The urban garden has become a vibrant feature of many inner-city areas. Gardening encourages residents to grow their own food, lowering their cost of living and providing an enriching activity for families to take part in together.
Marc Zboch, a philanthropist and business expert, explores five ways in which urban gardens benefit communities.
1. Health Benefits
People whose families take part in community gardens eat more fresh fruits and vegetables. The areas in which urban gardens are typically located are known as “food deserts” where there are no supermarkets, farmers’ markets, or other places to buy reasonably priced and healthy food. Adding fresh fruits and vegetables to a family’s diet improves their overall health and reduces the chance that they will suffer from serious problems like cancer and heart disease in the future.
2. Environmental Advantages
Community gardens promote sustainable agriculture. These gardens create habitats and improve the ecology of the area. Community gardens improve soil and air quality. They increase the biodiversity of plants and animals. They reduce the amount of fossil fuels used to transport food into an area. They can also help to reduce household waste by encouraging composting.
The urban community garden also helps to reduce pollution caused by runoff. It can capture excess heat and make the local microclimate less extreme.
3. Economic Benefits
Community gardens carry many economic benefits for residents. Many residents of disadvantaged urban areas find that fresh produce is too expensive to buy on a regular basis. This problem is exacerbated when gentrifying neighborhoods add stores like Whole Foods and the community cannot afford to shop there. They reduce the cost of healthy food and make it more accessible to urban families. Gardens in urban areas help to reduce the problem of decreased property values caused by blighted lots.
Gardening can also have a direct economic benefit for the community. Produce from these gardens can be sold at farmers’ markets. Farmers’ markets are another source of employment for urban residents, and the job training they receive there could affect their economic standing.
4. Social Benefits
Working in a garden together is a positive social activity that brings friends and families together. It is possible to meet like-minded people and make friends at the community garden. Since there is so much isolation in today’s society, the social benefits of community gardens should not be overlooked.
The urban garden builds positive social ties. People are also more likely to become involved in their community. This means that the crime rate could be reduced. Residents of these areas also feel safer in their neighborhoods.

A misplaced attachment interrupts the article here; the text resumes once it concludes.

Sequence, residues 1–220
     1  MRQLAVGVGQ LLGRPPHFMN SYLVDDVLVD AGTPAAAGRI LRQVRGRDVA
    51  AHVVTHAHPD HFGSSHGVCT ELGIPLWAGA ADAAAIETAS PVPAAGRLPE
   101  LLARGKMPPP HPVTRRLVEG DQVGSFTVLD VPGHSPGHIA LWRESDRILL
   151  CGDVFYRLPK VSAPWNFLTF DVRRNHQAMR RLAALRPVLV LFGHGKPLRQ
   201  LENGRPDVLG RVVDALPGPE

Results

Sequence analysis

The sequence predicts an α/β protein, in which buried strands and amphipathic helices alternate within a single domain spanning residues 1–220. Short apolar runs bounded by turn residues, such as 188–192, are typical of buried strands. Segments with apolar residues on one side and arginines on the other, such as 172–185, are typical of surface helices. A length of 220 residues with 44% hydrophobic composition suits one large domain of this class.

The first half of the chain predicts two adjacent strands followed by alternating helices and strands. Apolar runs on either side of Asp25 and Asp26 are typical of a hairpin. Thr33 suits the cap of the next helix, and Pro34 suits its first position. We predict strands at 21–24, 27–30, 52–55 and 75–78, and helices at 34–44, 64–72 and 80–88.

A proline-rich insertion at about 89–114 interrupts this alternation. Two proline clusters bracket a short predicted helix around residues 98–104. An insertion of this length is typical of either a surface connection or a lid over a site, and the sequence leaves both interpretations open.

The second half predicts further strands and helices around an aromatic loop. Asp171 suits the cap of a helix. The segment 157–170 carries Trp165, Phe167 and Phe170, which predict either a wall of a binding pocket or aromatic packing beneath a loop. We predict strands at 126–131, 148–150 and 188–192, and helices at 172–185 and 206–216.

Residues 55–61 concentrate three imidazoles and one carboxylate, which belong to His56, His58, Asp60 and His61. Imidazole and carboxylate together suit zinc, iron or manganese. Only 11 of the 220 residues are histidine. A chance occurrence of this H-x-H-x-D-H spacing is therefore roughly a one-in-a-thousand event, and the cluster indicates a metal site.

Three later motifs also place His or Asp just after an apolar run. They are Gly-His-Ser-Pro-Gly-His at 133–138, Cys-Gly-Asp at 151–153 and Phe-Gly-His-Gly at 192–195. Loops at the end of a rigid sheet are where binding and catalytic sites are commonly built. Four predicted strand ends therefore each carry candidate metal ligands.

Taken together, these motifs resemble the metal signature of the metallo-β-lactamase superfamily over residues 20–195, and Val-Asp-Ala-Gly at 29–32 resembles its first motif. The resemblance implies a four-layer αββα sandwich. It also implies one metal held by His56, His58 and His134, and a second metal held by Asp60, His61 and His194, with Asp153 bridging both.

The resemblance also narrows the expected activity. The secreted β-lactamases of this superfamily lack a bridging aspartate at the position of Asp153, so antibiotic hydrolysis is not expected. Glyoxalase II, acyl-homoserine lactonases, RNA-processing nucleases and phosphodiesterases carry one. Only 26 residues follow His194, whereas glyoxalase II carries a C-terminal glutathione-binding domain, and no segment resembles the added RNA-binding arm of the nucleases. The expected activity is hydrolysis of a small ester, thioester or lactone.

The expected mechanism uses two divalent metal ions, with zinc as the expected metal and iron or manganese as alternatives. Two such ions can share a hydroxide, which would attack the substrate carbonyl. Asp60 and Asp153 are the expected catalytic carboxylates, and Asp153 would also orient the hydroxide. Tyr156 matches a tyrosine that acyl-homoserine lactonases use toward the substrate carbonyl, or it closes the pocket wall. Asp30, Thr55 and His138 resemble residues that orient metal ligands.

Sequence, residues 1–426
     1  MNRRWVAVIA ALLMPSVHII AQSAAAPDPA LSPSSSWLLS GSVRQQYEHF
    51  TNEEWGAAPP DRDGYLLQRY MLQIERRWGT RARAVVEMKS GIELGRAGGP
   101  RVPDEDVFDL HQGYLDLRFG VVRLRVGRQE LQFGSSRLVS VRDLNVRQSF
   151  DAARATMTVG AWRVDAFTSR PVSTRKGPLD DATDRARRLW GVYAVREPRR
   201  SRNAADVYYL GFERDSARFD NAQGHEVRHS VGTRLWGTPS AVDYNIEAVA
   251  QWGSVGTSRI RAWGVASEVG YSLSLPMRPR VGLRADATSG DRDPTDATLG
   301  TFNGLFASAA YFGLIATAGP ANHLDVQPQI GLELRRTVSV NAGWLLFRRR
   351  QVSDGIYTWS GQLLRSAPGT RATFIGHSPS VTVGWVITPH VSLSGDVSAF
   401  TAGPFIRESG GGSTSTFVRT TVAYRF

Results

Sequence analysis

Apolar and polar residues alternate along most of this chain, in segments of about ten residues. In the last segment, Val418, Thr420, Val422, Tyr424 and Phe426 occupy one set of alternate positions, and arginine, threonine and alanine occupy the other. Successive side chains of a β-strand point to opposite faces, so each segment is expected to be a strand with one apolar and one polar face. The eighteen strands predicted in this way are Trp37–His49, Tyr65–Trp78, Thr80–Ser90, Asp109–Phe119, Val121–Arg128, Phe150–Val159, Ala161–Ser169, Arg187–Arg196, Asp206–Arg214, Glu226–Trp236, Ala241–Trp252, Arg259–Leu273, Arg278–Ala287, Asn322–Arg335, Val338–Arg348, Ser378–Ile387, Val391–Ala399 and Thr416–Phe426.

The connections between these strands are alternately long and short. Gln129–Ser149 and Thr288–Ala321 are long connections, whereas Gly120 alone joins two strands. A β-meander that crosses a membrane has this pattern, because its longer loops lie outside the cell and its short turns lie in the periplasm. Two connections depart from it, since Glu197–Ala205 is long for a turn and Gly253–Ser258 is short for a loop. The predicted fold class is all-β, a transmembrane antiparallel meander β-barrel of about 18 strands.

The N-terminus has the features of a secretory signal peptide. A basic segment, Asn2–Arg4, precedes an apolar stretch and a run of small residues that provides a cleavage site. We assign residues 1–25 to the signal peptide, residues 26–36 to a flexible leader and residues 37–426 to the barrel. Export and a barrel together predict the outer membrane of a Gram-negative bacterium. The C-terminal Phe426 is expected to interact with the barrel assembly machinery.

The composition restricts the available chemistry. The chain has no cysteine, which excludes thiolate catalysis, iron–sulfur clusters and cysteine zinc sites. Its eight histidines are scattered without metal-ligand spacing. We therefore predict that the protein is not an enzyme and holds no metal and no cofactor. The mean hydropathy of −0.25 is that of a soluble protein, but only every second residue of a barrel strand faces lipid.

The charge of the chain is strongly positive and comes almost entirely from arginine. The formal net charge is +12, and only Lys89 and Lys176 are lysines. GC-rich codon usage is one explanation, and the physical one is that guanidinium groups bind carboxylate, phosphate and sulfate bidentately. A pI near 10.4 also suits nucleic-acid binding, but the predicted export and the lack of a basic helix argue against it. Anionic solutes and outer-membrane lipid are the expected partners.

Vacant lands in a community are correlated with drug use and illegal dumping. Urban gardens promote healthy living and protect the land from misuse.
5. Educational Benefits
There are many educational benefits of urban gardening. Children who are involved in urban gardening at a young age are more likely to eat more fruits and vegetables as they grow up. This can help to reduce the risk of chronic health conditions like obesity and diabetes. Children can learn important environmental and social lessons from the urban garden.
How to Start an Urban Garden in Your Neighborhood
Learning about the benefits of urban gardens often leads local residents to learn about how they can start their own community garden. The first thing that would-be urban gardeners should do is to establish a planning committee. They should identify the land they want to use, going to the city to find out whether the land can be leased by their committee. The city may already have plots chosen that would make ideal urban gardens. Starting with a small- to medium-sized garden is best at the beginning of your project.
You will need to assign plots to the families who want to participate. Participants will need to be given a set of rules that govern how often they need to care for their plot and what kinds of work will need to be done. Groups should plan regular meetings as a form of community networking and social activity.
Finally, it is a good idea to look into garden insurance for your community. This can help to reimburse you for losses in the event of theft or accidents.
Growing Urban Communities
Community gardens have many benefits for urban residents. By replacing distressed vacant land with a community garden plot, garden organizers can help to reduce crime and make neighborhoods safer. The urban garden has many health and environmental benefits as well. Children can learn to eat healthy food and practice a skill that they can use throughout their lives.
Marc Zboch believes that the urban garden presents a huge benefit for all communities. He encourages would-be organizers to contact their municipality to find out how they can start gardening together.